The Man Called Appa

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ery often, when I observe my son and my husband, I realize that the relation-

ship between a dad and a son operates in a totally different plane. Kailash, as I have seen, is quite a different person when he moves with his father, including his way of talking and his body language. The truth as I have come to realize in all these days is that the boy keeps me at the same level as his but his father one step above. When my admonishing doesn’t work, I can be sure that my husband’s will – I know there’s this tinge of fearful respect Kailash has for his dad. It’s the ‘I look up to you, Dad’ and ‘I will listen to you’ kind of a respect. Sometimes, they sort of gang up and do things that are totally in their league – watching all sorts of cartoons, enjoying 3-D and mobile gaming, watching dogs, cats, rhymes and cartoons on You Tube and spending so much time in the toy shop. It’s a kind of a little world that they have carved for themselves and which I take care I don’t trample. As a father, my husband has played his unique role in shaping Kailash’s personality and in offering a different perspective on mentoring him, moulding his preferences and his way of looking at the world. Perhaps the most important aspect he has brought about in his parenting role is his constant endeavour to keep track of tools that can enhance Kailash’s thinking and creativity. I may be the person who teaches Kailash different things but the credit of sifting, picking and choosing what would benefit the child’s learning process the most undoubtedly goes to my husband! The debates have always been there – we argue about which of our methods is better or whether certain of our practices make any sense at all- the typical MarsVenus debate. But, I guess that’s what makes bringing up a child a more interesting and competitive exercise rather than it being a single-handed, boring, one-sided effort. It definitely wouldn’t be fun without the man called Appa!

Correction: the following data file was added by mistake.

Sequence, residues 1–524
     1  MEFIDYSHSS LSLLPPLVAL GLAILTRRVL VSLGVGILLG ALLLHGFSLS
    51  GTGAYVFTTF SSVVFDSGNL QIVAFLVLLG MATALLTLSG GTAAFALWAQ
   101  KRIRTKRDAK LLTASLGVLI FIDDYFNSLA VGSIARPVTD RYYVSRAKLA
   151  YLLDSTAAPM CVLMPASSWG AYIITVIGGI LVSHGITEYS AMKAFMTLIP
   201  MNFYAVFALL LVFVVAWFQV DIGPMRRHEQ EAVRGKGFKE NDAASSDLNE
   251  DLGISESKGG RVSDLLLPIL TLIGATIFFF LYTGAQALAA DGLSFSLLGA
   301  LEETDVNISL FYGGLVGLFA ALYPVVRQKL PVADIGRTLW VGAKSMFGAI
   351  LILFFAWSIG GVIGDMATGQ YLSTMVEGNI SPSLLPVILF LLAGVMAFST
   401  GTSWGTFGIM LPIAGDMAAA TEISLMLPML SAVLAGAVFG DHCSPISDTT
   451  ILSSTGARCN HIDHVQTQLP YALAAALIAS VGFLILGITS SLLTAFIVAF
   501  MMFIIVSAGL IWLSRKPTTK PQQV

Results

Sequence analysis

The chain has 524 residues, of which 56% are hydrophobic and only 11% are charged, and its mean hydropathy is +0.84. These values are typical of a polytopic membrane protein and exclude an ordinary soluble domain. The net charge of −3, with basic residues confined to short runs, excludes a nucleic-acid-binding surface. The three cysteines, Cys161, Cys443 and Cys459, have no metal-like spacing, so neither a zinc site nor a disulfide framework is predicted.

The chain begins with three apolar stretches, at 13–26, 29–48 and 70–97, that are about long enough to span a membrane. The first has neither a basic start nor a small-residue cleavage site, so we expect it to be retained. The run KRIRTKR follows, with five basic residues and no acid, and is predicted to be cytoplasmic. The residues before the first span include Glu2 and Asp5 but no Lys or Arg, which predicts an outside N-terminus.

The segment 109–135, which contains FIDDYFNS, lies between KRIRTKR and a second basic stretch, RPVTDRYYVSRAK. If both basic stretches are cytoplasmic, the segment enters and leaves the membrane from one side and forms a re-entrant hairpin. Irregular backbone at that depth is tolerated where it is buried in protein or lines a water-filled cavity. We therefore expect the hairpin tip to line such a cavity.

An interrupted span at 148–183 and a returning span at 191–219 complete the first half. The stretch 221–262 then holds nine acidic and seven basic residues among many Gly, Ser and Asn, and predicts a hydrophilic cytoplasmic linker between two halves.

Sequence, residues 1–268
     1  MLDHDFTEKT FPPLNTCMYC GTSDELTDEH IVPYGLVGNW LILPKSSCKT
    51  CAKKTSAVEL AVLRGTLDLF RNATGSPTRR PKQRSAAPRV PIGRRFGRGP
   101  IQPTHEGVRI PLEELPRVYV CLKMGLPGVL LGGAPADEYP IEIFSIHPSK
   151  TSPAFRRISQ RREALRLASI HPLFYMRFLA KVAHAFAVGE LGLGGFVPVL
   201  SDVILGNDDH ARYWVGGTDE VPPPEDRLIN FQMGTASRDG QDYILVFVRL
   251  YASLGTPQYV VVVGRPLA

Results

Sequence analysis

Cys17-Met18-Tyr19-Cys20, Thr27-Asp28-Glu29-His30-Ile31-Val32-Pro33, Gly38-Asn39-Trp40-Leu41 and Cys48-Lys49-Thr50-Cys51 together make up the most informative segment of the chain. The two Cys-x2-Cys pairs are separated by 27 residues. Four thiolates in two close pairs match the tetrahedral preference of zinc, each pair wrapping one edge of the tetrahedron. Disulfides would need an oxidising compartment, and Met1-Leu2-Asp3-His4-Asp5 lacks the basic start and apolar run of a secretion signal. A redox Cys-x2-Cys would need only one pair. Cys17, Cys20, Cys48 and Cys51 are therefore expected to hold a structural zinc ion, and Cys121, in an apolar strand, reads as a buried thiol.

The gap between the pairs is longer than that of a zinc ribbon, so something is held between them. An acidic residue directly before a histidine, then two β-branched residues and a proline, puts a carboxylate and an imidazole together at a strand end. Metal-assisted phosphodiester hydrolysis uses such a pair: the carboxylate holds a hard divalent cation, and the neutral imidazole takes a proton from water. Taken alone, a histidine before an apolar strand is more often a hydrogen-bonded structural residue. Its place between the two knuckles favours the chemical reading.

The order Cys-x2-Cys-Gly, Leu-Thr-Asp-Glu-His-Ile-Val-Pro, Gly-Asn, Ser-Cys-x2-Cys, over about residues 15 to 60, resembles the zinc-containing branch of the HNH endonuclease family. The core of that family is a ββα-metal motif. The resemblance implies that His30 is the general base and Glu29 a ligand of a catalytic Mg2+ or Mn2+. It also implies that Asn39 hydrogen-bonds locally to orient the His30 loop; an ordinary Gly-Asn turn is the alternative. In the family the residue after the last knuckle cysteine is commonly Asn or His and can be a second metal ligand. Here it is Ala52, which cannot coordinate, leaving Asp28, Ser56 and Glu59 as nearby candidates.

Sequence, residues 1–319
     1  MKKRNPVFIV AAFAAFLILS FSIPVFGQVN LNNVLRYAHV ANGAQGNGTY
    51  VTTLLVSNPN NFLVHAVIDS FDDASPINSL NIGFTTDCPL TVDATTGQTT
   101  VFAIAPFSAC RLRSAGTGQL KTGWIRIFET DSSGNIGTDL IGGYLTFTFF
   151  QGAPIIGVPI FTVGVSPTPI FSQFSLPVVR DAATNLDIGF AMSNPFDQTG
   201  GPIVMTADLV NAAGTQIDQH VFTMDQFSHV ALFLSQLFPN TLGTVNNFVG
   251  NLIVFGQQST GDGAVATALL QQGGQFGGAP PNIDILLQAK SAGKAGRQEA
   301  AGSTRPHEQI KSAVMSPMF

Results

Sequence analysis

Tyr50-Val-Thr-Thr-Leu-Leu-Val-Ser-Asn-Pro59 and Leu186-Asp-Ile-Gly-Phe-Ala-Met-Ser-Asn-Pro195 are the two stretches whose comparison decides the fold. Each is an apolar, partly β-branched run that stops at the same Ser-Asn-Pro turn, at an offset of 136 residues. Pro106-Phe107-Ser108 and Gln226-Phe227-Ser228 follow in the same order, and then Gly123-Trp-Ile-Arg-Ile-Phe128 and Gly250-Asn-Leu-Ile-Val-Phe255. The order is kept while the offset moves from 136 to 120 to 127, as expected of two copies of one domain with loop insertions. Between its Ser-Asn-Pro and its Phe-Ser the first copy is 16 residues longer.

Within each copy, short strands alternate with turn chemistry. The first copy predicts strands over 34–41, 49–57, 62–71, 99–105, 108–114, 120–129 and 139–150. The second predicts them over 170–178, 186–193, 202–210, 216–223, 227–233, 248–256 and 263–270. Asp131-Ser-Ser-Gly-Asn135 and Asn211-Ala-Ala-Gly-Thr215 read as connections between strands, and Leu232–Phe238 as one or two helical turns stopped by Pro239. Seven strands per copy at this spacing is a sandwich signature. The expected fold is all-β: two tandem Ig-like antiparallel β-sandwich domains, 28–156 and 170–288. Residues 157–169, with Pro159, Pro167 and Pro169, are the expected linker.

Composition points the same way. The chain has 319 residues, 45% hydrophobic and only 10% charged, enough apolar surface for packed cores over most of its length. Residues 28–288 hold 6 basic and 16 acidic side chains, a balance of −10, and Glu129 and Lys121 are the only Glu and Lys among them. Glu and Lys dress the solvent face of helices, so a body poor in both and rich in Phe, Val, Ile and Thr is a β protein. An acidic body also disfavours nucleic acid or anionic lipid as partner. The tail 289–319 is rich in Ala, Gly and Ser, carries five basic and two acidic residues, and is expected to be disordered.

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Learning and Unlearning

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hen we bring up children, I think we become children ourselves in that we